Report construction issues (after business hours) at our 24-Hour Construction Hotline at 1 (888) 298-2395.
Roosevelt Neighbors’ Alliance Future Neighborhood Vision
Dec 17, 2012
This document conveys a future vision for the University District neighborhood as it looks forward to future transit oriented development around light rail stations. It was composed by the Roosevelt Neighbors’ Alliance, the local neighborhood organization with assistance from a handful of interested residents and business owners.
Diverse residential opportunities
Encourage a healthy diversity of families, professionals, non-professionals, students and retirees living in our midst in housing that is varied and desirable to these populations.
Encourage a more family oriented as well as mature population north of NE 50th St.
Demand that students be good neighbors .
Discourage rowdy behavior and elements that generate noise at night. Solutions likely involve a combination of laws, zoning and enforcement. Discourage college bars near residential areas. Penalize both residents and businesses that do not honor the Seattle noise ordinance.
Discourage congregate housing. The concept has proven viable and attractive in many communities, but it tends to degenerate into something unattractive when absentee landlords and too many youngsters combine.Encourage owner occupancy. Neighborhood stewardship often follows.
Attract long term year-round residents. This helps build community. Every community needs a critical mass of people who are vested in the neighborhood and espousing long term interests.
Encourage more 2- and 3-bedroom apartment units. Such units are necessary for families who cannot reasonably occupy a studio or 1-bedroom unit.
Provide financial or height incentives to developers to build 2- and 3-bedroom apartment units. Currently no such incentive exists. Provide a tradeoff system for additional height based on providing additional 2 or 3 bedroom units. One idea would be to offer additional floors beyond a specific height, such as a base of 110’ up to a max of 160’ in specific locations, if 50% of the additional square footage is devoted to 2 bedroom and 3 bedroom units.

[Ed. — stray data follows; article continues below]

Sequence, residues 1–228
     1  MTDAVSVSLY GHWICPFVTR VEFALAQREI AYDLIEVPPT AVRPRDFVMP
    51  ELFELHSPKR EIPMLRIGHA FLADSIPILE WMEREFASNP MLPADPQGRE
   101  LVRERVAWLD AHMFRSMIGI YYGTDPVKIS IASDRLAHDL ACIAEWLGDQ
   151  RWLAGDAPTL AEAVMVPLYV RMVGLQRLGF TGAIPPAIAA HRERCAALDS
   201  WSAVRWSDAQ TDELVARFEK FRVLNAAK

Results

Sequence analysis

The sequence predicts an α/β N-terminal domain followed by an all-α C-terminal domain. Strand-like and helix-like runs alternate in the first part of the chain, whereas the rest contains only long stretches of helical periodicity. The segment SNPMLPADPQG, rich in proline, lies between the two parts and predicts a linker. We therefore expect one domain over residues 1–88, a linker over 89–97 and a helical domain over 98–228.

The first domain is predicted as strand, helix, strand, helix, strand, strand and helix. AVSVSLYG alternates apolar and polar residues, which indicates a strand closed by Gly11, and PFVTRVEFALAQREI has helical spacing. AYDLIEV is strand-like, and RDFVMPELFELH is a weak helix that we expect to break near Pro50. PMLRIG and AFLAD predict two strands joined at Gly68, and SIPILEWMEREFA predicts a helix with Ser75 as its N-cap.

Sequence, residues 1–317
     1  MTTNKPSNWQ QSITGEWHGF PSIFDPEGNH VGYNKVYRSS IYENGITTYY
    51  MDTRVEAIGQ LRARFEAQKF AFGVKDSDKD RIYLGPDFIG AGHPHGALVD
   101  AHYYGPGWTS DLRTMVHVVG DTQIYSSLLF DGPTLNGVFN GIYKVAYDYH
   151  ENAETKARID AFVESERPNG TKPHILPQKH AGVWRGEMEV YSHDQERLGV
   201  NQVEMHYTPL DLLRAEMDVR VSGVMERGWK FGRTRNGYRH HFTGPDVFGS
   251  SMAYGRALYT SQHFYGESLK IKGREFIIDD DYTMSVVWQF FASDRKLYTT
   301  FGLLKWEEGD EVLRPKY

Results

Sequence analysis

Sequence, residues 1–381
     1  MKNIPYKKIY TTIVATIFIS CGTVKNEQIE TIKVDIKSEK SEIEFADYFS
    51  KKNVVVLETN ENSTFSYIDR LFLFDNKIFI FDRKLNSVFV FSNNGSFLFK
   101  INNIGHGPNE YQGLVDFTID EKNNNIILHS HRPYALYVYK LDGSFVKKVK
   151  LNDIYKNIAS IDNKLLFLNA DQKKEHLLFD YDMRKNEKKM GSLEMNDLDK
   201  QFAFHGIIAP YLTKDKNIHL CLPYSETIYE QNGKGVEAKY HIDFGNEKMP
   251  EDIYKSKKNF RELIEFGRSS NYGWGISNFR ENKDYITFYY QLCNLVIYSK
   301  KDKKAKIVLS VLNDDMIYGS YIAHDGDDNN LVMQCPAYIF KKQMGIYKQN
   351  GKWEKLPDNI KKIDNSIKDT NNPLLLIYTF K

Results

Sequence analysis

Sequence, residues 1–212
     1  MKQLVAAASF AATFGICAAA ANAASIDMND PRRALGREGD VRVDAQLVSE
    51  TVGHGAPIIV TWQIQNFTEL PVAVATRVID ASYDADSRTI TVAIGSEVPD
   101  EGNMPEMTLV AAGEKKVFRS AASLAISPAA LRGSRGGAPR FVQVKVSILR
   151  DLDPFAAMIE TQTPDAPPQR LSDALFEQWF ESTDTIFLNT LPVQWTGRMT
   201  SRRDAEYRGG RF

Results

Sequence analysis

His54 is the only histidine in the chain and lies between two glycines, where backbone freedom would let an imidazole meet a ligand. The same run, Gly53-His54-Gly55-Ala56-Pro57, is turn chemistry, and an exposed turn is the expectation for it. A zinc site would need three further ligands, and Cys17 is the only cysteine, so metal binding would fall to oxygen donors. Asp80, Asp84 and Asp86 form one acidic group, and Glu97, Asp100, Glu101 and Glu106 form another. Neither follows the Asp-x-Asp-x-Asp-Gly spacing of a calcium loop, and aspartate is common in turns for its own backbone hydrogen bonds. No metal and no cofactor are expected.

Encourage developing condos in addition to today’s popular apartments. This speaks to the goal of building quality housing stock that lends itself to longevity and being taken care of. A tighter building envelop, double wall construction and parking help keep such units desirable. Avoiding shared walls mitigates noise from neighboring units. Provide zoning to allow for more cost effective tall structures that would naturally dovetail with concrete construction and condos.
Land use and urban form
Preserve the single family zoning in existing strong single family areas, like on 11th and 12th Avenues north of NE 52nd St and the streets west of Roosevelt, north of NE 50th or NE 55th St. The neighborhood considers this a strong priority and would prefer to absorb additional density through much greater height south of 50th to preserve the single family character. (Note, row houses and townhomes are distinctly different zoning than single family zoning, did we want to encourage row houses north of those lines, or just in the areas north of 50th and south of 52nd/55th?).Encourage very tall heights of 220′ or 300′ south of NE 45th St. Such buildings offer [DLC2] increased density in a package that is attractive to the community, tenants and residents due to steel and concrete construction and views. Such development can create value and help fund pedestrian improvements in terms of sidewalk and landscaping amenities. Identify the best several sites for such tall buildings. Zone appropriately. Make it feasible to build tall towers. Leverage planned scarcity at the less dense levels to promote greater heights in our urban core.
[DLC3] Avoid the 3 and 4-story shoe box lot-line-to-lot-line buildings that are the least expensive to construct and can be the least friendly visually with little modulation or additional open space.
Favor taller narrower buildings over shorter wider buildings of the same square footage. Narrower buildings provide more light and air around them. Narrower buildings provide more area at ground level for plantings and open space that benefits the pedestrian experience.
Limit or eliminate L4 and L3 zoning. [DLC4] Limit L1 and L2 zoning to those areas that are targeted for row houses or street facing townhomes. So much of the current construction in these areas proves to be cheap and focused on converting houses into boarding houses or tiny apartments. These properties risk becoming liabilities.
Avoid 4-pack and 6-pack designs where 4 and 6 townhouses are built on a lot without front doors facing the street. Require an orientation with street-facing front doors. The rear units facing the alley are okay if they coexist with front facing units. Keep zoning to L1 or in some instances, L2 to encourage townhouses and row houses.